Those dents in the dirt are hundreds of paw prints. I’m pretty sure a skunk had taken up residence under the stage because I could smell it!
Some long abandoned bikes.
The church’s windows don’t open so it got stifling hot in there in the summer. The congregation would meet under this structure instead to hear the message. The sides are open to allow the precious breeze through. In the very back, behind the pulpit, large flaps could be opened to let in southern wind.
“Education for students in Castell may have begun as early as 1852, according to local oral tradition. Earliest written records indicate that the Llano County Commissioners Court designated the Castell school as District No. 6 in 1884, and the land was deeded for the school’s use six years later. Members of the community built a two-room schoolhouse, which was expanded to three classrooms in 1929. Castell school housed ten grades, so students wishing to complete their high school education did so in Llano, Fredericksburg, or Mason. Due to declining enrollment, the school closed in 1948 and was consolidated with the Llano school district, but the school building remained in use as a community center.”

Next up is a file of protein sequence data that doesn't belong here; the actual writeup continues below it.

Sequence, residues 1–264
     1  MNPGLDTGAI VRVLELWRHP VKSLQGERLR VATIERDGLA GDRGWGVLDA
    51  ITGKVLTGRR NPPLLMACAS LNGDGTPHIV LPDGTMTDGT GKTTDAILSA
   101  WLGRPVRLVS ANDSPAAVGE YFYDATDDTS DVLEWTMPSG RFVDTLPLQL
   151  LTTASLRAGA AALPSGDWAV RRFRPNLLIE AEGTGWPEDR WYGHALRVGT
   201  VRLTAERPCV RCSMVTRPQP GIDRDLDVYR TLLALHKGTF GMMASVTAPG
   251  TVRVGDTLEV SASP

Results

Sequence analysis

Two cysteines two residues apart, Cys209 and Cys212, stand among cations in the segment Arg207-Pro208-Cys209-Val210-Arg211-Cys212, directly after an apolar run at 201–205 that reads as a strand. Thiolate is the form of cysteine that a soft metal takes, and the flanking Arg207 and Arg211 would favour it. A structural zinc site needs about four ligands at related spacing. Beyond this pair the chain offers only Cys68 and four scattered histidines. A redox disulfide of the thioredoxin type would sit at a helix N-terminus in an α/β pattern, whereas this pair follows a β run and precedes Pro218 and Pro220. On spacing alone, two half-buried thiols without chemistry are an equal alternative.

The main entrance.
“Water lifters that brought water up from the well for drinking and other uses at the school. The old well was located on the northeast corner of the building near the historical marker.”
I looked for the well but it’s just a concrete slab now.
There were four doors inside this foyer. One was a bathroom, and the other three were locked. These screen doors were enormous! They were each about seven feet tall and at least three feet wide.
A different angle and a view of the bell tower.
Someone had power washed a cross into the sidewalk.
TRINITY UNITED METHODIST CHURCH CEMETERY
“The oldest documented grave in this burial ground, that of two-year-old Feodor Leifeste, dates from 1871. Two years later, Carl Lehmberg deeded land to the Methodist Episcopal Church, South, setting aside this part of the property for a cemetery. Reflecting the area’s German heritage, the burial ground contains both marked and unmarked graves and historically served the Castell, Mason, and Llano communities. Burials here include those of German immigrants and their descendants, several ordained Methodist ministers, and veterans of armed conflicts dating back to the Civil War.”